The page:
Peer Mentor Network

Monday, April 17, 2006

Radical Mentoring

A friend sent me this interesting article from Fast Company about a very aggressive form of mentoring by Katherine Mieszkowski that may generate some interesting discussion. This article reminds me how important it is to have a mentor who does more than just stoke your ego. There is always room for development and if your mentor isn't helping you identify those areas for you, then find another mentor. If any of you know of a situation in which "radical mentoring" has failed, please share. Enjoy!

The cofounder and CEO of iVillage on tough mentoring:

Candice Carpenter, Cofounder and CEO of iVillage, wears her tenacity on her sleeve. Success, she believes, comes from commitment, discipline, and sacrifice. "You don't bail out at the first sign of trouble," she says. "You stick with a situation."
One source of Carpenter's beliefs are "radical mentors" - senior executives who've cared enough to push her, even when it hurt. Radical mentors "move people along faster than they want to go," she says. "It's not natural for people to grow as fast as you need them to. People don't grow if you're soft with them. You catapult people forward by being extremely blunt."

Sound tough? It is. Carpenter suggests that senior leaders ask themselves this question: Who are 10 young leaders that I can grow quickly, and what's a crash course that's right for them? "Then you form a contract with those people: 'I would like to help you move along faster. Are you willing to buckle your seat belt and go?' " Mentors have to manage their commitments as well. "I can do this with only a few people at a time," says Carpenter. "It takes a lot of energy."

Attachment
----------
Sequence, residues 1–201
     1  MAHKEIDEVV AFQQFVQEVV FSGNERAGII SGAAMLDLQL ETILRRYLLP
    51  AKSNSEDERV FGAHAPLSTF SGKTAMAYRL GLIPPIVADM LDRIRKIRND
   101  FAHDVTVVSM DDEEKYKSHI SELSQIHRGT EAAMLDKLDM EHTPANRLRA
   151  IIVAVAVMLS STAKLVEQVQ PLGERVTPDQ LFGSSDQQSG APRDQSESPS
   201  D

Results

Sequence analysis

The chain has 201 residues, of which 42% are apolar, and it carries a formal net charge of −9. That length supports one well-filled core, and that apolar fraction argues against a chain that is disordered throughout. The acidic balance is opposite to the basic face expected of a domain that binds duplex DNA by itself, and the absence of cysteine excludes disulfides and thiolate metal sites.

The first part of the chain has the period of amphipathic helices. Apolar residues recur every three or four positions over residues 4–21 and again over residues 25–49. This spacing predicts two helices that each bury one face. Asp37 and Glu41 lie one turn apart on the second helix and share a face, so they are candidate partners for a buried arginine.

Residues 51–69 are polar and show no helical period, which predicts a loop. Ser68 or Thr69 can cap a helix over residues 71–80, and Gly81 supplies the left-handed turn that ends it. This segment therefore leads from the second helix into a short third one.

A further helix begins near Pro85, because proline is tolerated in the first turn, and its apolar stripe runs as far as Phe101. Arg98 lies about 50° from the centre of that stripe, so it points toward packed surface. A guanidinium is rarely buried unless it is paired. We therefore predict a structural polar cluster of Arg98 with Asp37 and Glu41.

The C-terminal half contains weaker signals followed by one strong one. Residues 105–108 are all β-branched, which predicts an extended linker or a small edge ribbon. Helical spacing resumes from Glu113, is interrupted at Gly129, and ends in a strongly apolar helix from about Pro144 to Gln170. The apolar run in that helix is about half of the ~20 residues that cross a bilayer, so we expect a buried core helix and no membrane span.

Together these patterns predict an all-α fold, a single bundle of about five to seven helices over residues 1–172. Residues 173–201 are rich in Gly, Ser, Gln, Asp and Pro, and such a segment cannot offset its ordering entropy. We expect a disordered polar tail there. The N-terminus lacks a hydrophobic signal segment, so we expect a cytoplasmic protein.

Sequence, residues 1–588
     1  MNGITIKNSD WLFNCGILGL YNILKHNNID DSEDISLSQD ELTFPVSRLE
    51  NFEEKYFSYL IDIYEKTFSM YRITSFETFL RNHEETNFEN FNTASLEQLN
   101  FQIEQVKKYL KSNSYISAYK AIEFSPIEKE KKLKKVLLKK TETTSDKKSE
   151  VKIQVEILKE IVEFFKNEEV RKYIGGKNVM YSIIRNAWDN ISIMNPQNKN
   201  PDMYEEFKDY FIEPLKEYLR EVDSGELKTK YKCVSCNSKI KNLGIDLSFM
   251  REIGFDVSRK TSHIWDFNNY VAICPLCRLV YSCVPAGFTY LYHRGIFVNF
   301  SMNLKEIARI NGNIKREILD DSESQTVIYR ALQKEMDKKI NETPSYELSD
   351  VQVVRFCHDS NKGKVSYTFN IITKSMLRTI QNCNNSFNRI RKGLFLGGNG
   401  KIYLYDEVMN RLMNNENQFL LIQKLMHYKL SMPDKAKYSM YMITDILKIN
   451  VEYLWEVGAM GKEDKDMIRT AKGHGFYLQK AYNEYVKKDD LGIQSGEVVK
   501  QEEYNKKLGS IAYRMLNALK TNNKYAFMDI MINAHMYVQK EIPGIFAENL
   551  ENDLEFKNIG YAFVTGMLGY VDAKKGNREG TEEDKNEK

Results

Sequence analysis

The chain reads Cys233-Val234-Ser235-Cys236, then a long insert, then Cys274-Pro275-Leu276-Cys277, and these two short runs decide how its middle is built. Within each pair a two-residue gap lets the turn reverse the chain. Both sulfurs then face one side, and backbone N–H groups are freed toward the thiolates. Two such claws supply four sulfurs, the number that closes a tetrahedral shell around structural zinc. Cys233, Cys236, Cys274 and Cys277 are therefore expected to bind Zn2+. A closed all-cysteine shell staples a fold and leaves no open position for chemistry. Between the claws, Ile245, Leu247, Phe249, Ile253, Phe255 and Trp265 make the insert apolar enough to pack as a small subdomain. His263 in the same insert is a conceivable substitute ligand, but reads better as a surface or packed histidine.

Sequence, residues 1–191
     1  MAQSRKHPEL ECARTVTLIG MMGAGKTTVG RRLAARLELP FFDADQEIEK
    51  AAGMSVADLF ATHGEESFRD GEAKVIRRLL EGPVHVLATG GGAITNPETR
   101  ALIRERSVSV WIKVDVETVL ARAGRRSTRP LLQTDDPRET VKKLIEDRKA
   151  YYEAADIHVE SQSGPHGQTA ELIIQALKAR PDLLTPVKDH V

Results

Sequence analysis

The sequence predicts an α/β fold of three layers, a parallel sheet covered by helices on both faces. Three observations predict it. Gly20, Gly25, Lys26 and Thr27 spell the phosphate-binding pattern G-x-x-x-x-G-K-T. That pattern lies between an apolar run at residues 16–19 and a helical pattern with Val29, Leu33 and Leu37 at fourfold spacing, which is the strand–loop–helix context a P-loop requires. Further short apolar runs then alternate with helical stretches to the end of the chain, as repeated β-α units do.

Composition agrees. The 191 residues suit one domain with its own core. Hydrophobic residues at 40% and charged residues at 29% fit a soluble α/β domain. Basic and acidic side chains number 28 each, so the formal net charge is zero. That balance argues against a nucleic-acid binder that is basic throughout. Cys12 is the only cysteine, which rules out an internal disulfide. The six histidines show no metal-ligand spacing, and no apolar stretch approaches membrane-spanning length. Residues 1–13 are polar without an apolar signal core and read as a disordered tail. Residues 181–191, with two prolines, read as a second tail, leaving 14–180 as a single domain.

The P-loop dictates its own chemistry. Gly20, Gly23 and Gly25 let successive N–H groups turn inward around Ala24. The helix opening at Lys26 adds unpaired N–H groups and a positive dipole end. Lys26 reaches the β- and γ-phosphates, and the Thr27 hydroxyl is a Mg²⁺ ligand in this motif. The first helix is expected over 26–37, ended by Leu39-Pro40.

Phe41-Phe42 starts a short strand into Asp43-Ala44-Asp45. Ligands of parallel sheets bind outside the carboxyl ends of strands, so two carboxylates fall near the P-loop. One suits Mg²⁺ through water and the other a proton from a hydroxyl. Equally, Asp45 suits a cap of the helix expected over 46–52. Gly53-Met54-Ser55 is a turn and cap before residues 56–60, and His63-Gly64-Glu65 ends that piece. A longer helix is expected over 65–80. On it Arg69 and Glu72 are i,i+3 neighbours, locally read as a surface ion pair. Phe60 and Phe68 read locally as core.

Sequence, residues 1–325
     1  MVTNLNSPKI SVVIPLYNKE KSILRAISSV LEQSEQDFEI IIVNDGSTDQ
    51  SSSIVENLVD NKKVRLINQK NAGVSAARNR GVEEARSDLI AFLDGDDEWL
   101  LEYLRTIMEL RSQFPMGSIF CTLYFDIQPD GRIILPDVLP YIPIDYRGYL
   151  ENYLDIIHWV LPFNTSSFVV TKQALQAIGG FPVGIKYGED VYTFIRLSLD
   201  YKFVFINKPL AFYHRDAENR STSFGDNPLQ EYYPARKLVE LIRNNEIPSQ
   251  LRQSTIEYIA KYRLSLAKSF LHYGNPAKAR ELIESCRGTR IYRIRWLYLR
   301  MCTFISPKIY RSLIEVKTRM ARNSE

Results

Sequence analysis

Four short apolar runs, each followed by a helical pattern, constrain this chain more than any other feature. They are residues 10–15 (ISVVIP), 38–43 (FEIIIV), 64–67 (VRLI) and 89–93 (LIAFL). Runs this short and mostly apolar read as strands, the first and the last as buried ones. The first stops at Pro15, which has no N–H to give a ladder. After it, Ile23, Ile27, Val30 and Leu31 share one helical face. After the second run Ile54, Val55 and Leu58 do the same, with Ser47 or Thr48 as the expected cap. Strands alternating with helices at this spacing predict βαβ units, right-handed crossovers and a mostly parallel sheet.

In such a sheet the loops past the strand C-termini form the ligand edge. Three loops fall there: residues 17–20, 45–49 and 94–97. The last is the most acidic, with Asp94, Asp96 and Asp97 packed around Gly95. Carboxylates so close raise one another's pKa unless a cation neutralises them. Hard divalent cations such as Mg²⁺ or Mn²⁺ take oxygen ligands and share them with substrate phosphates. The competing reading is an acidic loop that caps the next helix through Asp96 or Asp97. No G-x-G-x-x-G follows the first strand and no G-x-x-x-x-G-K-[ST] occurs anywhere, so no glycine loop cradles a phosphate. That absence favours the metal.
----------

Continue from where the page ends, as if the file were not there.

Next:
The key to radical mentoring, Carpenter says, is real-time feedback - direct, honest, public. For example, when she was training to be an Outward Bound instructor, she violated one of the basic rules of crossing a river safely - she buckled the belt on her backpack - and nearly drowned as a result. "My instructor pulled me out of the river," she says. "And then humbled me in front of every student in that course. I have never forgotten that. It shed me of my pride, and I'm grateful for that lesson. Pride is a heavy burden."

Most business decisions don't involve such life-and-death consequences. But the principles of radical mentoring are the same: Personal growth hurts; people won't benefit unless they consciously sign up for it; the process requires as much commitment from the mentor as from the mentee.

Carpenter is convinced that this kind of intellectual honesty is what young people need - especially in fast-moving industries. "People have much greater capacity for growth than they get credit for," she says. "Once you get your first taste of being really challenged, you want to be challenged more."


  • This article is interesting. It's also an article that I would love to pass on to my own mentor. A lot of the time new employees (or mentees), such as myself, are not challenged enough. I don't know if it is because we haven't had time to prove ourselves or because our mentors are not willing to take the time to prepare us and challenge us.

    Another thought that I had is that mentors (usually older) are some times not as efficient as their fresh out of college/new to the workforce/younger mentee. I have been out of college for five years and have held a number of different jobs (I've already changed my career path once!). Though I am no expert, I have noticed a major difference in the efficiency of my older co-workers and the younger employees (myself included). We grew up in a time of computers, the internet, video games, VCRs and DVDs, tapes and CDs, cell phones, text messaging, instant messaging, voice mail, and the all important cable television. We are technologically capable (well, most of us!). All of this has taught us how to multi-task and work quickly and efficiently. While our mentors are in trainings for computer software or copy machine use, these tools are second nature to us. This brings me back to my point, are we not being challenged by our mentors because we are more efficient than they are?

    By Anonymous Leah, at Monday, April 17, 2006  

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